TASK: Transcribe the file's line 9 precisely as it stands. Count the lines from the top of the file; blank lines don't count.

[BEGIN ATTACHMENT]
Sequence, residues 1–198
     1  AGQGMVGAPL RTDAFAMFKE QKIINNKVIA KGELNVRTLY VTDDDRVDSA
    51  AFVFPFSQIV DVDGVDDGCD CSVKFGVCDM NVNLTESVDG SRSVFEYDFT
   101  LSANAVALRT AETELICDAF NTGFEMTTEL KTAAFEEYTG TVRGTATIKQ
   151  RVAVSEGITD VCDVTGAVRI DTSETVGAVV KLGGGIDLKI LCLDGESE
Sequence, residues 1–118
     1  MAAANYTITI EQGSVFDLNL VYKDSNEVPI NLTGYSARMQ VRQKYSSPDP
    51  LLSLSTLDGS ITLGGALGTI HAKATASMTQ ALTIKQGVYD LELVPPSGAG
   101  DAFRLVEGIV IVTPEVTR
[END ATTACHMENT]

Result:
   101  DAFRLVEGIV IVTPEVTR